I just missed seeing Bryant a few times as an amateur and he was the top guy that I asked national and west coast scouts about most often leading up to the draft last June. Raw power grades for him ranged from 70 to 80 on the 20-80 scouting scale, which converts to 30-40 homers annually in the big leagues. As with many players just drafted, Bryant is at the end of the longest season of his life and wasn't putting on a display in BP, but you could still hang a 70 on his power from seeing the ease with which he could deposit one beyond the center field fence with a lower-effort, mostly gap-to-gap approach. He's a solid runner, at least average once he gets going but is limited at third base as his size and lack of flexibility make him a little mechanical and stiff at times. Bryant is more of a long runner than a quick lateral mover and one scouting director suggested he could play center field right now, but most scouts agree his plus arm will end up in right field after he puts more weight on his lanky frame.
The question on Bryant is about how much contact he'll make and while he swung a missed a good bit in the three games I saw, I'm not overly concerned. He's new to the level, which should be a bit of a challenge for him and it's the end of a long season. Bryant is about as big at 6'5/215 as you can see a guy expected to hit for any average and many scouts comped him to Jayson Werth as an analog for a guy that should hit around .260 or .270 for most of his career. I didn't see anything in this look to edit that opinion.
Dan Vogelbach, 1B, Daytona Cubs
Vogelbach is a fun player to evaluate with, let's call it a unique physique as you can see from the video above. He's got easy plus power, advanced feel at the plate with an ability to hit the ball to any part of the field. The speed and defense aren't much to look at, but Vogelbach moves better than you'd think, is looser than you'd think in the batter's box and has made some progress in this area. He doesn't strike out much, gets more than his share of walks and I think he'll hit enough to get to his power in games. It definitely doesn't look right, but I think Vogelbach will be in my top 100 prospects list this offseason as I see a .350 OBP/.475 SLG type of first baseman that will be underestimated his whole way up the chain.
C.J. Edwards, RHP, Daytona Cubs
Edwards is very interesting case as a guy that signed in the 48th round out of a South Carolina HS for $50,000 and was completely unknown until this season, when scouts saw his full-season debut and the lanky righty was working 91-95 with three average or better pitches. His 77-82 mph curveball was plus at times for me, though it's break and consistency varied. He didn't throw a changeup his entire outing but threw a few in warmups that looked solid and other scouts that have seen him this year said they've put a 50 on the pitch. Edwards worked 92-95 mph in the first inning and toward the end of his outing was more 89-92 but had 94 in his back pocket when he needed it. He should still put on a few pounds and even with just modest improvements has mid-rotation upside that's attainable. Given the new velocity, athleticism, arm speed and looseness, all the scouts I talked to are very excited about where this could go.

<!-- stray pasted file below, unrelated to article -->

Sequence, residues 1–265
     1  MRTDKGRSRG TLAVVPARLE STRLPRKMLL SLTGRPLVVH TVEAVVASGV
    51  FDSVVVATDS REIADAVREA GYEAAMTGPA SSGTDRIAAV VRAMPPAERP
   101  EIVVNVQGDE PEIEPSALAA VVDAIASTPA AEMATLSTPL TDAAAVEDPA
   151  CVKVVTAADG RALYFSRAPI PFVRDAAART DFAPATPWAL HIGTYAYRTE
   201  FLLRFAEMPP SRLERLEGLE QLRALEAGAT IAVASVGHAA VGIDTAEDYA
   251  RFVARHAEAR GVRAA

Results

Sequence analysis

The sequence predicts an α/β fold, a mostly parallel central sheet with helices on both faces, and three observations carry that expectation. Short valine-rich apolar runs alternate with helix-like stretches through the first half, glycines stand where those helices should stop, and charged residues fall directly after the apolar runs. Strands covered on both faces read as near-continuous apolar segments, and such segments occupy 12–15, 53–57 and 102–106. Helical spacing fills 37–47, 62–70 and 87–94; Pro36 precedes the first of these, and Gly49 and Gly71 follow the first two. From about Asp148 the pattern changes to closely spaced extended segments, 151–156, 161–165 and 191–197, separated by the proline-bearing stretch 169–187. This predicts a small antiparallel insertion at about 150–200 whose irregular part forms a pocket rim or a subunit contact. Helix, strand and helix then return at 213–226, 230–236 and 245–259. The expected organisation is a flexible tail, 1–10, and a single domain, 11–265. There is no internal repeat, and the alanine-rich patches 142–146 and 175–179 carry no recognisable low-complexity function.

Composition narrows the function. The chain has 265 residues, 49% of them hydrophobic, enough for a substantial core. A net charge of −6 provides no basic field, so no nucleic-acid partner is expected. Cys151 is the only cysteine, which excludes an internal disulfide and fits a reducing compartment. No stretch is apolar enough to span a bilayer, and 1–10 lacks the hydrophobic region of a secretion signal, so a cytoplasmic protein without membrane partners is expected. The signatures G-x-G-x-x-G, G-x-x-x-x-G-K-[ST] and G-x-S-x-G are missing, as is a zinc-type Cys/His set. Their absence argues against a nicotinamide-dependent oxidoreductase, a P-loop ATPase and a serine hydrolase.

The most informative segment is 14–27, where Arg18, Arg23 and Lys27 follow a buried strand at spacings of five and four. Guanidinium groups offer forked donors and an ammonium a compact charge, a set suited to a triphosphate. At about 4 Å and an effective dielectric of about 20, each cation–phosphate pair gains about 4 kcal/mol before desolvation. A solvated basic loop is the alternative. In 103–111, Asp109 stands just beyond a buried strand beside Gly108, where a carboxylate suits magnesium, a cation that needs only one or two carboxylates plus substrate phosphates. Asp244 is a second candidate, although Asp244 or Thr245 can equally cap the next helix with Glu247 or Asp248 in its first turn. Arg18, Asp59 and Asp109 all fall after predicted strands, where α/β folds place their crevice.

I saw DePaula a long time ago, pitching before July 2nd in the Dominican Republic before his age troubles started and he's a different pitcher now. He's more under control now and relies more on his changeup (which he didn't have back then) more than his curveball, for which his feel varied in this outing. The velocity is still there, sitting 91-95 mph with above average life. DePaula's delivery bugs me a little bit as his short stride contributes to some command issues and inconsistencies, something Rays righty Chris Archer dealt with for awhile and corrected this season, coinciding with his breakout campaign. DePaula is loose and easy with an above average changeup that could be plus with some work while his curveball was fringy but I've seen it above average in the past. Some scouts told me they thought DePaula is a reliever based on multiple outings but we all agree the mid-rotation upside is in there. This level of adjustments is rarely made for a pitcher who is already 22, despite DePaula's unique path (stuck in the DR until 2012 with paper work issues).
Corey Black, RHP, Daytona Cubs
I wrote up Black earlier in the year and he looked similar this second time, though after the Alfonso Soriano trade, he was now facing the Tampa Yankees instead of pitching for them. He worked 93-96 mph early on and his hard 85-85 mph slider flashed above average potential while his looser 79-83 mph curveball was more average but a useful pitch. I didn't see a changeup much this time but in my earlier look it was an average pitch. There's some obvious effort to the delivery, he's a small righty and his velo drops after a few innings, so it's a pretty obvious middle reliever here even if the stuff might play in the back of a rotation in a perfect scenario.
Branden Pinder, RHP, Tampa Yankees
Pinder has some similarities to Black in that he's a pretty obvious reliever with two standout pitches that's being used as a starter now. Pinder hit 97 and worked 91-95 mph with occasional plus life and an 84-87 mph slider that was above average at times but has been above average for me in the past. He threw a couple curves and changeups that he didn't have much feel for. He has good size (6'3/215), but there's some effort and some length to his arm action that affect his command and feel, limiting his upside.